Tell us how this service got started.
The service as we know it started in 1918 in King’s College Chapel, and it was started by the chaplain, Eric Milner-White. He had taken a concept that had been used in 1880 in Truro by Ezra Benson, who later became the Archbishop of Canterbury, so it wasn’t a new idea, but he made it what it is today. You have to visualize December 1918 in Cambridge. This is a university where somewhere in the area of half of all of the undergraduates had gone off to war, and a third of them never came back. On December 24, 1918, six weeks after the end of the war that was going to end all wars, you’ve got a congregation which is probably largely made up of widows, girlfriends””in those days they would’ve been called fiancÃ©es””children there to somehow deal with this horror that they’d just been through. Most Americans, because we weren’t as deeply involved in the First World War, don’t understand the impact that war had on Europe. I grew up, we all grew up, really, being talked to about appeasement and how we gave Hitler too much and blaming [Prime Minister Neville] Chamberlain, but in fact if you look at what the British had gone through less than twenty years before you can understand. I mean, 900,000 Britons were killed in that war compared with only 300,000 in the Second World War, even with the Blitz and everything else. The war had taken the best and the brightest, and [Eric Milner-White] put together a service of what he called Nine Lessons and Carols, and the nine lessons were things from the Scriptures in, at that point, of course, the King James Bible. There were four from the Old Testament foretelling the birth of Christ, four from the New Testament telling the Nativity story, and one from the Book of John, “In the beginning was the Word,” and so on, and he interspersed them with carols.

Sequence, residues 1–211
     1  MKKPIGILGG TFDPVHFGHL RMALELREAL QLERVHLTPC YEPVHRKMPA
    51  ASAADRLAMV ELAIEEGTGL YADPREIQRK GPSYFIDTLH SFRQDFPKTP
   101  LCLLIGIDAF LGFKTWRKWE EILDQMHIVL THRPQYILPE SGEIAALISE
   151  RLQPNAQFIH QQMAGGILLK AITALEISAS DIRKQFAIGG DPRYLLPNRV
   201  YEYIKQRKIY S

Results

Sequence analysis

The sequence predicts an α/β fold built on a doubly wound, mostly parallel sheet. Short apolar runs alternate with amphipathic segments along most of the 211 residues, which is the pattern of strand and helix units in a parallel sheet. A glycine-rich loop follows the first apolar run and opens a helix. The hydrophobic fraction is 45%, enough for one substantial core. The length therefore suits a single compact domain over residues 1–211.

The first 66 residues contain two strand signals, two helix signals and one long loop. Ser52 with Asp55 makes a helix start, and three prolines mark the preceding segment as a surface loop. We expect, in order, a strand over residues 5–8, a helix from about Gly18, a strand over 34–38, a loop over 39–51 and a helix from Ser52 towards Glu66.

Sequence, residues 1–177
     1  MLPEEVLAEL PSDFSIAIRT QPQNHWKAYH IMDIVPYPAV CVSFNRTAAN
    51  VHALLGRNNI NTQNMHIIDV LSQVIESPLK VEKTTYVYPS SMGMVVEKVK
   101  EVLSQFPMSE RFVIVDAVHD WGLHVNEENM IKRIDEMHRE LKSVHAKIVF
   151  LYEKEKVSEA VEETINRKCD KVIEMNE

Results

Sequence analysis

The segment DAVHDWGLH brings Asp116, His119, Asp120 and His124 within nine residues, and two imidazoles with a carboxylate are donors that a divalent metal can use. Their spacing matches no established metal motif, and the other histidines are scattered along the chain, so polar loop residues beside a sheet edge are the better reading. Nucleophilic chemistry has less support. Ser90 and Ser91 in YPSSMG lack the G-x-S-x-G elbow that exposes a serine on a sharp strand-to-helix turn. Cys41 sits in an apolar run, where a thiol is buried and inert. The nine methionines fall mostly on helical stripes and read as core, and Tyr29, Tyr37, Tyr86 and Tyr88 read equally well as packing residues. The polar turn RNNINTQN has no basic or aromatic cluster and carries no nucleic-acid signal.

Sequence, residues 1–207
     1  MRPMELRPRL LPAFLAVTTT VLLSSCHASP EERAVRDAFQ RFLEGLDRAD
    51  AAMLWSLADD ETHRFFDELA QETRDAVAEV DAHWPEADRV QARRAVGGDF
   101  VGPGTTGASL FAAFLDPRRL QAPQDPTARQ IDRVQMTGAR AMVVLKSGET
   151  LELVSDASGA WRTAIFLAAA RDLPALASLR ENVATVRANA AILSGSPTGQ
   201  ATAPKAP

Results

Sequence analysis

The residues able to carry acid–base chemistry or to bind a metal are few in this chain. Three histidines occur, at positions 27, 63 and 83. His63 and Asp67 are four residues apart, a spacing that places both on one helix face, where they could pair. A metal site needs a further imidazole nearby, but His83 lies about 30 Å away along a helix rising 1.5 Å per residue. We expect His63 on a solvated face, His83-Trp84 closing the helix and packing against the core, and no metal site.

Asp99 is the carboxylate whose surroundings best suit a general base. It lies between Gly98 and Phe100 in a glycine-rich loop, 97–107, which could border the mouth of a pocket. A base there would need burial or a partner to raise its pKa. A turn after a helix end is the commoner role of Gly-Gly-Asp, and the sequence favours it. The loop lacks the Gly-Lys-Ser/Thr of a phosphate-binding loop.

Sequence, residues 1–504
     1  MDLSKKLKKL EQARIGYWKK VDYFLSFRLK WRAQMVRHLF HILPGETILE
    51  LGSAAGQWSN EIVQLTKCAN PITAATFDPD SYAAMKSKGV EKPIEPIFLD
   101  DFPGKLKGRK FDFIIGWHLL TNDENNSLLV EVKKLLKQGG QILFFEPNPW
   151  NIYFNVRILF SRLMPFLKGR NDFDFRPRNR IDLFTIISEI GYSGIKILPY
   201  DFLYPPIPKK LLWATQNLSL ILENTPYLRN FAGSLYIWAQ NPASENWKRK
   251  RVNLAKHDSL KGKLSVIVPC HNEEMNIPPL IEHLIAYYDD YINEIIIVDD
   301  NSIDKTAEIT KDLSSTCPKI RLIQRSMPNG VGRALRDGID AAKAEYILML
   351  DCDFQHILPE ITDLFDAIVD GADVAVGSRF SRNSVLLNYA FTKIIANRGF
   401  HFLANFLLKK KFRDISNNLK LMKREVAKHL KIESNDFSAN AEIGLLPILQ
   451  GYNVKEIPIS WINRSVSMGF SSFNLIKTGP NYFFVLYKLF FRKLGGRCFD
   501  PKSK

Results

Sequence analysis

What do you think he wanted to do? How would this Christmas service have had an impact on those who had suffered so much?….